Fashion Designer Froo
For Froo’s dress, I used the Kate’s Dress pattern by Lily Bird Studio, previously made here, but in size 6. I really love the simplicity of this pattern. The fabric is Kona cotton in Pomegranite. I used an eyelet trim for the ruffle sleeves and hem that I bought at Jo-Ann. 2 yards was just enough to embellish this dress.
Fashion Designer Froo
The buttons on the back are shaped like tiny rosebuds and complements the eyelet floral embroidery.
Fashion Designer Froo
Froo was really happy to wear her dress. It was picture day at preschool today–I’m not sure if it’s an American thing to take a school photo at the end of the school year, but in Canada, we’re accustomed to taking one at the beginning of the year. In any case, she wouldn’t wear tights or a cardigan with her dress, even though the wind was crazy today.
Fashion Designer Froo
Fashion Designer Froo
It was also free choice for show n’ tell today, so she took her LEGO Duplo giraffe to preschool.
Fashion Designer Froo
Then we had another photo bomber incident, thus ending our short photo session.
Fashion Designer Froo
Next time I make Froo a dress, I am going to ask for her input. The white and dark (dark) pink combination is not one I would have paired together myself. (It’s also very difficult to photograph–my camera didn’t like the high contrast and the pink appears much brighter than it should be). Somehow, it works. More importantly, I have a very happy daughter who is proud to wear the dress her mommy made for her.

Happy Birthday, Mama!

This post is dedicated to Froo & Boo’s Mama, or the hubs’ mom, or the best mother-in-law I could ever have wished for. (Seriously). We wish you the very best, most memorable 60th Birthday ever! The sign below reads, “WELCOME MAMA YEYE UNCLE ERIC!”, written and drawn by Froo.
Mama's Birthday
In both the Chinese & Korean language, there is a different title for grandmother, depending on which side of the family she comes from. There are also different titles for siblings, relatives and in-laws, making it easier to identify extended family members. The hubs’ parents are lovingly called, “Mama & Yeye”.
Mama's Birthday
Mama had requested a Froo & Boo Colour Block Tote Bag for her & Yeye to use on the cruise. She wanted to pay for it, but I wanted to make it as a gift for her. It is customized with the titles that her and Yeye wear with the utmost pride and joy. Mama chose navy blue so Yeye wouldn’t object to carrying it as well.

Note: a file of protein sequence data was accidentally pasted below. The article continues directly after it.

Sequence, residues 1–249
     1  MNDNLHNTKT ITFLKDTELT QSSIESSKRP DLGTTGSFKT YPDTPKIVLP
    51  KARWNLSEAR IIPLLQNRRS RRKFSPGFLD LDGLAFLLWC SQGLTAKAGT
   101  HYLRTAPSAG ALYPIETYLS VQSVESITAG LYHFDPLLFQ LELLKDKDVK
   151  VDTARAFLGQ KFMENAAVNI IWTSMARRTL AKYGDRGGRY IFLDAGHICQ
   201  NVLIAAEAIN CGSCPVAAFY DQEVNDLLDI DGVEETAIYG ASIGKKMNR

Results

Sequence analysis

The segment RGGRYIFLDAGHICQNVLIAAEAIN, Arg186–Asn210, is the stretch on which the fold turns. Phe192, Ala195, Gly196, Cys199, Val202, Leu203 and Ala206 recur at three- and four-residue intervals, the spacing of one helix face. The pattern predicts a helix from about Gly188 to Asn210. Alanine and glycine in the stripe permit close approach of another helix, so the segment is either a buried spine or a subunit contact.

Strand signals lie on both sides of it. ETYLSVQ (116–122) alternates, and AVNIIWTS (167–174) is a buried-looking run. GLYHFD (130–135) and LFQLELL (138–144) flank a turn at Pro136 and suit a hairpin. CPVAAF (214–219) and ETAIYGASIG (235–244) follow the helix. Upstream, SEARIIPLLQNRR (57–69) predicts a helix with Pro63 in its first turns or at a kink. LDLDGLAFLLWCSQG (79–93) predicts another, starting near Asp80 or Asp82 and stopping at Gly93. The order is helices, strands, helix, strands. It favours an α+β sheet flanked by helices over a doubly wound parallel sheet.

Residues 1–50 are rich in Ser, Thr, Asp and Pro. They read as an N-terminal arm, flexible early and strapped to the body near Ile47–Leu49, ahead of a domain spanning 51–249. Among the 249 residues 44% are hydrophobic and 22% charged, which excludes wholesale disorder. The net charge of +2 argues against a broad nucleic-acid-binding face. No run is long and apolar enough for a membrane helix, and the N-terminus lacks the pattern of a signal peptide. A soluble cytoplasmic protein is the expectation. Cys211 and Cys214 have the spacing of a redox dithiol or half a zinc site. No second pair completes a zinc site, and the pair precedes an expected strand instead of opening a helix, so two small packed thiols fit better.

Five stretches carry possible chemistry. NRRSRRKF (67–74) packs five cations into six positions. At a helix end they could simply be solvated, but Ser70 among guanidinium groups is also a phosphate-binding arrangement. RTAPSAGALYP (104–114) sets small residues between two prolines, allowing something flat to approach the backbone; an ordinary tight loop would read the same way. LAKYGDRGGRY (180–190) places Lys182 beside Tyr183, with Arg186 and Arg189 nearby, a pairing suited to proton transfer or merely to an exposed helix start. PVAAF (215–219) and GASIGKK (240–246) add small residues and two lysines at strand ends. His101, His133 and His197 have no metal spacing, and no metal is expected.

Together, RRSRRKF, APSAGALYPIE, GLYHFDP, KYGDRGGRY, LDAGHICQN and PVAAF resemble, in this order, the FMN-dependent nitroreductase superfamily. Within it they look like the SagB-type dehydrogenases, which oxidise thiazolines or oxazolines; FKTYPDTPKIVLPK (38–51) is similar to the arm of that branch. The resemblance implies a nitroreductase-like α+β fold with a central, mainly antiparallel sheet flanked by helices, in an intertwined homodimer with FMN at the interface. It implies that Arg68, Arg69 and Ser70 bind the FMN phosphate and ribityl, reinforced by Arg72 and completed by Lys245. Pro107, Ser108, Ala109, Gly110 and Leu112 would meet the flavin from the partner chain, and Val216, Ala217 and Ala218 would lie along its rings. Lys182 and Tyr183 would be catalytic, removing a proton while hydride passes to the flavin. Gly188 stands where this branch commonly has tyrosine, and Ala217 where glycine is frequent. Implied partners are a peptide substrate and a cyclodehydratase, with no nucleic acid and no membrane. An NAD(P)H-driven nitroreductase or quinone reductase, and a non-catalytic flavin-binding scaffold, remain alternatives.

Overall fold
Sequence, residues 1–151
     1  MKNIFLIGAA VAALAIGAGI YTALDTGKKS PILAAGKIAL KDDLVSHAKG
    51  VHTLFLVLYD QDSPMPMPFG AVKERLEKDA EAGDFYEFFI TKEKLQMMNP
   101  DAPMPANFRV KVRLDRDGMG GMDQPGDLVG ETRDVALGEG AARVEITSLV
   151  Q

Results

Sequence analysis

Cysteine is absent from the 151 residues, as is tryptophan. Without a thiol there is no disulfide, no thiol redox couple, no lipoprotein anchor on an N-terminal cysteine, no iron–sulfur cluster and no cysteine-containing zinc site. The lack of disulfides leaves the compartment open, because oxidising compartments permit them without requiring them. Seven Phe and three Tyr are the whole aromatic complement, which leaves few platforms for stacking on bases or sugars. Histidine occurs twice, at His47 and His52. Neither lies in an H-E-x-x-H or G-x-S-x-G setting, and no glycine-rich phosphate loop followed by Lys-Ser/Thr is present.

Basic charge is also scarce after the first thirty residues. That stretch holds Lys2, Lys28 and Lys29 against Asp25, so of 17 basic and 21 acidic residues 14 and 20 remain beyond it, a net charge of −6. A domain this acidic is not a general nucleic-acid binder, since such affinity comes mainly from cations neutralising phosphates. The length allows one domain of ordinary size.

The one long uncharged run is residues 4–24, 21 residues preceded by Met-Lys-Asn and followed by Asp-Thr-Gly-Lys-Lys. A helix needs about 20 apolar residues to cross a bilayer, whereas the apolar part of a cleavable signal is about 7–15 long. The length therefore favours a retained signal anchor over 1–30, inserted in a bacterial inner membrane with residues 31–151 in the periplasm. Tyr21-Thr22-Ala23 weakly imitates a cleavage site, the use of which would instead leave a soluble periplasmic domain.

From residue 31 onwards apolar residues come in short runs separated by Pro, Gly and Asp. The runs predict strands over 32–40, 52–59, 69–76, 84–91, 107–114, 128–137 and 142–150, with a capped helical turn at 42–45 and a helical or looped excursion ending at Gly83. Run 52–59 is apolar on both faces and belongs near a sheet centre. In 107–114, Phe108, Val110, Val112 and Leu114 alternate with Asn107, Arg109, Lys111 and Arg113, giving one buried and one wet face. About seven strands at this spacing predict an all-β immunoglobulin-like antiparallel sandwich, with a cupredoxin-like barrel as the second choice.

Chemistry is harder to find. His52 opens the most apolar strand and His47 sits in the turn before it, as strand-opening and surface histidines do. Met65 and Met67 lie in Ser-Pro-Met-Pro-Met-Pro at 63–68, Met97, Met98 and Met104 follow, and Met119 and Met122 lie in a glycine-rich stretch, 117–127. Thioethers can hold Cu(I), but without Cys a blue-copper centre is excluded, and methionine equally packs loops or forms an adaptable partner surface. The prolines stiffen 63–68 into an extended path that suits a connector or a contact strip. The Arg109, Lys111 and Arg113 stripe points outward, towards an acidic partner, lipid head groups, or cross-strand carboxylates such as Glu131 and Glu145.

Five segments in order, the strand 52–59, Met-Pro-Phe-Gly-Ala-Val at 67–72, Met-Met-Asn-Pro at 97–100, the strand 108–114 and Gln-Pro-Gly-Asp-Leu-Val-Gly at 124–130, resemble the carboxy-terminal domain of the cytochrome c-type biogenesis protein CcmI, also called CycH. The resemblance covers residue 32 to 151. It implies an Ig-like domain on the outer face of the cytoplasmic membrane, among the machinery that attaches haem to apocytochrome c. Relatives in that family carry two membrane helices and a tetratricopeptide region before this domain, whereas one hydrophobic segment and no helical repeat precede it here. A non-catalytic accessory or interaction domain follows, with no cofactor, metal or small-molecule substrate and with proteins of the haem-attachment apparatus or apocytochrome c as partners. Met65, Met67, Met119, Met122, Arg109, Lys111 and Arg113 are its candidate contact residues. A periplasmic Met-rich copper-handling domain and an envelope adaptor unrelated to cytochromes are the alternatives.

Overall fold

Mama's Birthday Mama's Birthday
Since the tote was something that Mama had requested, I wanted to make her something else, too. So I made her a cowl-neck sweater using this pattern that I got on sale at Jo-Anns. I used a stretch French terry in grey that I was intending to use to make Boo a sweatshirt version of the flashback skinny tee, but the fabric was such a great match for the pattern.

I followed the pattern instructions, except that I sewed most of the seams using my new serger. I also used a double-needle to finish the hems on the neck, sleeves and shirt bottom. After trying it on, I almost wanted to keep it for myself, but I had already told the hubs that I was making a shirt for his mom, so I had to give it up. I am definitely going to make another one for myself. It’s a very easy pattern and the fit is comfy, yet form-flattering. I really like the cowl-neck of the shirt and the serger made it so fast and easy to sew.
Mama's Birthday
My one modification: sleeve tabs. I love sleeve tabs! It gives you the option of having long sleeves and 3/4 length sleeves. I followed the instructions from the Shearwater kaftan pattern using the same anchor covered fabric for my cruise-worthy skirt. I purchased the buttons from Dressew in Vancouver. I love how the dimensions adds a bit of sparkle to the button by reflecting light off the angled surfaces.
Mama's Birthday
Mama, Yeye & Uncle E arrived on February 28, but Mama’s birthday isn’t until today, March 2. We gave Mama her birthday gifts on the day she arrived and she wore her new shirt that night and the very next day. I’m pretty sure that means she loves it as much as I do. This post is scheduled to publish on March 2, while we are away, so I’m not sure when I’ll be posting anything new for awhile. I plan to take it eeeeaaaassssy.
Mama's Birthday
By the way, doesn’t Mama look so young?? She’s not afraid to get down and play with Froo & Boo–joyfully participating in all of Froo’s ideas and plans to have the very best day ever. She’s also hip and has great style. Shopping with her is oodles of fun–we spent the 2 days before the cruise shopping and checking out the new outlets at Livermore. It was the best way to start our holiday cruise!